What makes gingerbread hard or soft? ›

A 1:4 ratio of butter to flour makes the gingerbread strong. Corn syrup keeps freshly baked gingerbread pliable and soft, so it's easy to cut while warm. Rolling the dough directly on parchment makes it easy to transfer to the pan.

How thick should the walls of a gingerbread house be? ›

For houses larger than 6 inches square, use 1/4-inch thickness and for smaller houses, use 1/8-inch. Weight-bearing walls should be just slightly thicker, roof slightly thinner, due to weight of the gingerbread.

What size is a normal gingerbread house? ›

The front (and back) is a standard house shape (ie, a rectangle with an isosceles triangle on top of it). The base is 9cm (3.6 inches), the short side height is 4cm (1.6 inches) and the total height to the point is 11cm (4.4 inches).

Are gingerbread houses Christmas or winter? ›

Making gingerbread houses is a Christmas tradition in many families. They are typically made before Christmas using pieces of baked gingerbread dough assembled with melted sugar. The roof 'tiles' can consist of frosting or candy. The gingerbread house yard is usually decorated with icing to represent snow.

Is the Oreo gingerbread house edible? ›

This Oreo “Gingerbread” House Looks Delicious

If you follow the instructions below or use pre-pasteurized egg whites, your entire gingerbread house is edible. With these Oreo gingerbread houses, not only will everyone have fun memories in creating them, but they will also enjoy eating them.

Why is it called the Gingerbread Girl? ›

"The Gingerbread Girl" was also released as an audiobook, read by Mare Winningham, by Simon & Schuster Audio on May 6, 2008. The title is an allusion to the fairy tale "The Gingerbread Boy" (also known as "The Gingerbread Man").

What are the three types of gingerbread? ›

The three distinct types of gingerbread are brown gingerbread, wafer-based gingerbread and honey gingerbread.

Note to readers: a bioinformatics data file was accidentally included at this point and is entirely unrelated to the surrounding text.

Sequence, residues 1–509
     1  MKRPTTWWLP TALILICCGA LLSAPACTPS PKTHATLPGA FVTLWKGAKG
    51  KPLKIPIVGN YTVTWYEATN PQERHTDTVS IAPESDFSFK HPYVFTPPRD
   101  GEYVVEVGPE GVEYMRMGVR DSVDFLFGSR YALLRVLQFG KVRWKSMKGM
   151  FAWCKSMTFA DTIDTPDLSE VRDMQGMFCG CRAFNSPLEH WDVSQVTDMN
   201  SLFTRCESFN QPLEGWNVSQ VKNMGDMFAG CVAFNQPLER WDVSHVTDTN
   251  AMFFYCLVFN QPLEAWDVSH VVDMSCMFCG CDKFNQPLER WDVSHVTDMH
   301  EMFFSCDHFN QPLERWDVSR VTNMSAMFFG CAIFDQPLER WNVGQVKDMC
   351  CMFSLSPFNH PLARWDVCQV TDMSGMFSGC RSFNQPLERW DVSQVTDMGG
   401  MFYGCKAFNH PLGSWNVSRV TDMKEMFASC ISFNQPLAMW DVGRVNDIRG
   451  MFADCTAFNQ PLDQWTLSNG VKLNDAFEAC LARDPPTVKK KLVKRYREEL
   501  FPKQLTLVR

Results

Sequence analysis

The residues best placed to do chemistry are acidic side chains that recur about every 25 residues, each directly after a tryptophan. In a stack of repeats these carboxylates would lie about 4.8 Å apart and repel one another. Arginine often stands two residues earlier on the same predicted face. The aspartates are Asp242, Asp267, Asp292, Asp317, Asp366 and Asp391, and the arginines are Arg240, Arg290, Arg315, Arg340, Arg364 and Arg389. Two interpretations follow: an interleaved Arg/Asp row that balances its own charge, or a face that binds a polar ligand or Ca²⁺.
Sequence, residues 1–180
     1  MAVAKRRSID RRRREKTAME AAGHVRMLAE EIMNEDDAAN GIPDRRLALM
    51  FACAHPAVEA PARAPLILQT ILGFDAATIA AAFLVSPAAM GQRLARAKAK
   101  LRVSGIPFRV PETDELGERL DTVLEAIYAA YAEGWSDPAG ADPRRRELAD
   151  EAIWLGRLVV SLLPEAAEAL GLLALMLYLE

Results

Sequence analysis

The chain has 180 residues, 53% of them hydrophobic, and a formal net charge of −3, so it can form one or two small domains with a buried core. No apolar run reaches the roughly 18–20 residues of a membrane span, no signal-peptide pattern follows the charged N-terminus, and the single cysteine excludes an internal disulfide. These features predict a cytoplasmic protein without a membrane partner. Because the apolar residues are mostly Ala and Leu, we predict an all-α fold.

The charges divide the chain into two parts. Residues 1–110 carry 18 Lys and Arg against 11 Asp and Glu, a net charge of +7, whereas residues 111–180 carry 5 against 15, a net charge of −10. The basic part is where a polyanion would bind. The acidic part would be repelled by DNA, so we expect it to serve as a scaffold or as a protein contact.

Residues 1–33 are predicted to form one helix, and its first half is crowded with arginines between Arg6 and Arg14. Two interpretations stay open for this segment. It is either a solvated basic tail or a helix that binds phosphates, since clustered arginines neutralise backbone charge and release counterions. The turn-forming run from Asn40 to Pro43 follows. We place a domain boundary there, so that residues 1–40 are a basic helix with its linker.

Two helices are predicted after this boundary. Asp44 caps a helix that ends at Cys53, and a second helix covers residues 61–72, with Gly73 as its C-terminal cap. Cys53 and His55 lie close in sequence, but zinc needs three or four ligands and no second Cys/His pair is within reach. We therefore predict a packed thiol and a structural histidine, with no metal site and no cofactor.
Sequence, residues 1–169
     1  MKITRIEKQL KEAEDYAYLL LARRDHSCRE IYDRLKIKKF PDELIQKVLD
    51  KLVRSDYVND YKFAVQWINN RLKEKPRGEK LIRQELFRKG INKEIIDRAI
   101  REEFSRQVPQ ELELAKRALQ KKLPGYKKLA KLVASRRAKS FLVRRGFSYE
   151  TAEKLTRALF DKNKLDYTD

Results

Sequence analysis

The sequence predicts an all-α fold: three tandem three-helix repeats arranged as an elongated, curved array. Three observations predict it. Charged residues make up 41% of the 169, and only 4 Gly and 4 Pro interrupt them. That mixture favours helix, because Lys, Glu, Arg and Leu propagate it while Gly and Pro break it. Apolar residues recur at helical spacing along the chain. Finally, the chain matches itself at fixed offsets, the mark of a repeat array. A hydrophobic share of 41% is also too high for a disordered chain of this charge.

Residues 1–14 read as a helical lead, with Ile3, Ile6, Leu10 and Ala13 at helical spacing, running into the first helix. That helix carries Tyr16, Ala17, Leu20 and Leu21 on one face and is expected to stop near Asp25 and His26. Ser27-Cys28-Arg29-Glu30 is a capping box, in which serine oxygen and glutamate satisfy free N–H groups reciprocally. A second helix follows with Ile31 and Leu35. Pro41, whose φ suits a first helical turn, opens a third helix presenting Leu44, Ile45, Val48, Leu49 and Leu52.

• BROWN GINGERBREAD. This includes all gingerbread dough made with honey or syrup and baked without using a wafer base. ...

How do you get a wind bee? ›

To get the Windy Bee from the Shrine, players must first donate a spirit petal to it. After donating a Spirit petal, any Cloud Vial donated gives the player a chance to obtain a Windy Bee Egg. The player's chance to obtain the Windy Bee Egg depends on how much Favor the player has with the shrine.

Do you put egg in gingerbread? ›

Tip the flour, bicarbonate of soda and spices into a large bowl. Add the warm syrup mixture and the egg, stir everything together, then gently knead in the bowl until smooth and streak-free. The dough will firm up once cooled.

What can I use for the bottom of a gingerbread house? ›

Pick a solid base for your gingerbread house - either a flat cookie sheet, or a thick, sturdy piece of cardboard. If you want, line the base with aluminum foil or wax paper. Mortar the sides of the house with royal icing: Pipe a thick line of icing along a short end of one of the side pieces.

How do you cut a milk carton for a gingerbread house? ›

Step-by-Step Instructions:
  1. Cut off the bottom third of a milk carton with a serrated knife. ...
  2. Attach the milk carton to the foil-wrapped cardboard using the icing as glue.
  3. Measure the graham crackers against the sides of the milk carton and cut them with the serrated knife to make the walls of the house.

How do you cut a gingerbread house without breaking it? ›

Put the graham cracker inside a damp paper towel, then put it in the microwave for about ten seconds. Now, the graham cracker is soft enough to cut without breaking it. So cool! Be sure to use a serrated knife.

Why do you need cornstarch for a gingerbread house? ›

Cornstarch can be used to smooth icing without it sticking to your finger. Confectioners' sugar is used with fondant to reduce stickiness or dust your work surface before rolling it out.